Hope this helps you to get started!  And let me know if you have any questions.  

#alwayswilling

Three Tips for Novice Bloggers

Over the last several weeks, I’ve had the chance to connect with some really terrific teachers right here in my own county.  That’s been a refreshing change of pace for me simply because the majority of people that I’ve connected with over the course of my time in social spaces have lived hundreds and thousands of miles away.  What I’m digging the most is that many of my newest peers are just beginning their blogging journeys.

As a guy who has “been there and done that,” I’ve been offering tons of tips designed to help them find the same satisfaction that I do as a blogger.

Here are three that are worth sharing with all y’all, too:

Quit Calling it Blogging.  Start Calling it Reflection.

Let’s start with a simple truth:  Blogging takes time.  I sit down once a week — usually on Friday nights or Saturday mornings and bang away at the keys for anywhere from 60-90 minutes.  Carving that time out of my daily schedule isn’t any easier for me than it will be for you!  There are plenty of times when I am blogging that I would rather be on the couch with my kid!

So how do I do it?  How do I commit to blogging week after week and year after year?

Perhaps most importantly, I’ve quit calling it blogging — which feels like some kind of self-centered, silly act reserved for people who make their living by selling their ideas — and started calling it reflection.  After all, that’s what I’m really doing every time that I write here on the Radical.  Taking ideas that are mulling around in my mind and working to put them into coherent sentences and paragraphs depends on thinking deeply about what I know about teaching and learning.

Blogging is something that I’m willing to skip when I’m tired or discouraged.  Reflection feeds me and challenges me and makes me a better practitioner.  It’s something I’d NEVER skip.  By recognizing and naming the reflective value of writing, I’ve turned it into a priority — even a pleasure — instead of a chore.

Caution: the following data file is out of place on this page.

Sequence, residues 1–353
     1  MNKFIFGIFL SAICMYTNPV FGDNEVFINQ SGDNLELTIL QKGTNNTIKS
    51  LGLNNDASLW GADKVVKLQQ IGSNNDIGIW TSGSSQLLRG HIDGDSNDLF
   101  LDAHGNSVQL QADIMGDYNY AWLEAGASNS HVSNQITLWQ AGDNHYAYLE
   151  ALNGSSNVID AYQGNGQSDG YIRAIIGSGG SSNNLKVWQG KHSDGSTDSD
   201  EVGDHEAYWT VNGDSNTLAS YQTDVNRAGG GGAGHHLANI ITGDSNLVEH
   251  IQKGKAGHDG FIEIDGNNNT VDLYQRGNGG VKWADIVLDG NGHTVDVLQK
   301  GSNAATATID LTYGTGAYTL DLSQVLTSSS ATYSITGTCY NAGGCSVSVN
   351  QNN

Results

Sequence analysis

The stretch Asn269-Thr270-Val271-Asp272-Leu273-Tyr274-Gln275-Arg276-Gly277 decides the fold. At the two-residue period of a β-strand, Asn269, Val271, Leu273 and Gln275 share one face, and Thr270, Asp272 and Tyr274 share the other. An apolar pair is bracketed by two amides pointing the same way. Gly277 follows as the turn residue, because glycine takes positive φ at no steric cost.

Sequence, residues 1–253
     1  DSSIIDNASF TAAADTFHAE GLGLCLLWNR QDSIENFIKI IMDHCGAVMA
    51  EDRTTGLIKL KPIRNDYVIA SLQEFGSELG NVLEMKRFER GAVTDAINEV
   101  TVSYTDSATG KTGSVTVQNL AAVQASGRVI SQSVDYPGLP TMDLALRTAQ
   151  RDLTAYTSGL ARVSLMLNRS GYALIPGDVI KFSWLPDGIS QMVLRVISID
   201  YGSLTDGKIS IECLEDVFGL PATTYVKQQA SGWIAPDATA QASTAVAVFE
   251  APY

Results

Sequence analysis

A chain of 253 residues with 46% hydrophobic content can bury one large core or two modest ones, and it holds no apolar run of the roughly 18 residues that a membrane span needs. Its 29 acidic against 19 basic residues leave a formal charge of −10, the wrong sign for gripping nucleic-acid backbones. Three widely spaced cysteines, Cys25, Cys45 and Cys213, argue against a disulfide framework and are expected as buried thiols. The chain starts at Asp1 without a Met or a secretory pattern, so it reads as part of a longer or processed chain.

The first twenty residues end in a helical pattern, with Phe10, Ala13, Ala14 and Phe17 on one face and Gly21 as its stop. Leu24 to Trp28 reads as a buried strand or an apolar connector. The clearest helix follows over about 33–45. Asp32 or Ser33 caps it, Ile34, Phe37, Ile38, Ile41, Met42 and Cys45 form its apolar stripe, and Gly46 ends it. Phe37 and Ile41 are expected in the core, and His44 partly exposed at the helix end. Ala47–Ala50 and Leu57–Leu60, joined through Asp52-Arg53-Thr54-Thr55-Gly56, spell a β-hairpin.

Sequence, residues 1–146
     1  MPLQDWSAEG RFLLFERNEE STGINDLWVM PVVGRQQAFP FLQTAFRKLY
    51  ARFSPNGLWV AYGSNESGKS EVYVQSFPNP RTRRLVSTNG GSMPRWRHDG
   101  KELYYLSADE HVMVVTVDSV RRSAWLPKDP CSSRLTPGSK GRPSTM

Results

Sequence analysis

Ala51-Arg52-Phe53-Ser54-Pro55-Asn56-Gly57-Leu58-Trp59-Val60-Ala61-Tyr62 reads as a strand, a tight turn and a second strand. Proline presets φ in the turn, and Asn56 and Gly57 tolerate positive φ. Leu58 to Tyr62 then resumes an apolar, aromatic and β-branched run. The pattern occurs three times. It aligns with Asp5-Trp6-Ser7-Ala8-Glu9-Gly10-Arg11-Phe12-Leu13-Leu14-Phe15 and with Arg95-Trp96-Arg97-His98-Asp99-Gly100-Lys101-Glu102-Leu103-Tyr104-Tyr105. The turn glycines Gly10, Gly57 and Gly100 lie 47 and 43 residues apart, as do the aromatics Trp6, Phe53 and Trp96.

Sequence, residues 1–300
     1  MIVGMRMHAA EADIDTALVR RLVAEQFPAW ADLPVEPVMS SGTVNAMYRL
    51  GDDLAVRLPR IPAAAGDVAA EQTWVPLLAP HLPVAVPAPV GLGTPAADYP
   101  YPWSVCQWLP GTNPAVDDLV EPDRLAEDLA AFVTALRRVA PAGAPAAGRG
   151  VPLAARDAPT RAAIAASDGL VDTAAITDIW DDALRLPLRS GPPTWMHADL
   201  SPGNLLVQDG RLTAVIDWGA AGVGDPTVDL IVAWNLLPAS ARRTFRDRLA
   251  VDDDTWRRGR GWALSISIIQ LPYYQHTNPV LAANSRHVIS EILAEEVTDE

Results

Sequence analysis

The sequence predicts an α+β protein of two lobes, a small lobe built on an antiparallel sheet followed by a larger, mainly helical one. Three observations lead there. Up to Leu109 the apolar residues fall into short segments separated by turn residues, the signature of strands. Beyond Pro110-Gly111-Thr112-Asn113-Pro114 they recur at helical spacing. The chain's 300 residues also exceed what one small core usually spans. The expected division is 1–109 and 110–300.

Quit Thinking about an Audience.  YOU are the Audience.

Here’s another simple truth:  The VAST majority of educational bloggers — including ME — are never going to develop a super impressive audience.  Heck — most of us will be lucky if our entries generate 25-30 views on a regular basis.  That’s not because we are awful writers with nothing important to say.  It’s because we live in a world where (1). people are busy and (2). there are TONS of ways to spend our spare time.  Standing out in someone’s already crowded information stream just ain’t all that easy.

That’s why we have to STOP talking about “the power of audience” in motivating bloggers.  If we’re counting on feedback — views, likes, shares, comments — from an external audience to motivate us, we’re going to quit as soon as we spend hours crafting a thoughtful reflection that no one reads.

But there IS an audience who cares and who learns and who grows every time that you write.  Want to find them?  Look in the mirror. Once you recognize that you aren’t writing for someone else — that you are, instead, writing for yourself — then page views won’t leave you discouraged even when they are lower than you’d like them to be.  After all, the only audience that ever really mattered was you to begin with!

Quit Writing.  Start Commenting.

Here’s a final simple truth for you:  Social spaces aren’t very social anymore.  People don’t interact with each other.  Instead, we spend our time consuming.  We check our Twitterstreams, clicking on links, reading posts, bookmarking sites and then moving on.  Rarely to we pause to acknowledge the contributions that content creators make to our learning.  Sure, we might retweet or like or favorite something that we liked — but even that can be a selfish act designed to build our own networks or organize our own set of killer finds.

So break the cycle.  Set time aside to leave comments on the blogs written by other people.  Doing so is a simple act of gratitude — a way to say thank you to the folks who are taking risks by giving us a look inside their professional minds.  That alone makes commenting worthwhile.

But commenting has a ton of additional added value for you as a writer, too.  Most importantly, each comment that you add is first draft thinking that you can turn into a blog post later.  In fact, I copy and paste every comment that I write into a folder in Evernote so that I can find it and use it again when I’m struggling for a topic to write about here on the Radical.

And if you really do care about building an audience, leaving a comment for someone else makes a ton of sense.  Here’s why:  Odds are that the people that you leave a comment for will stop by your blog and check out your writing, too.  That’s because there’s often an intellectual symbiosis that develops between people who are thinking together.

So whaddya’ think about my recommendations?  More importantly, what suggestions would you make to novice bloggers?

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Related Radical Reads:

Lessons Learned from a Decade of Blogging

The Digital Equivalent of Strip Malls

Three Tips for Classroom Blogging Projects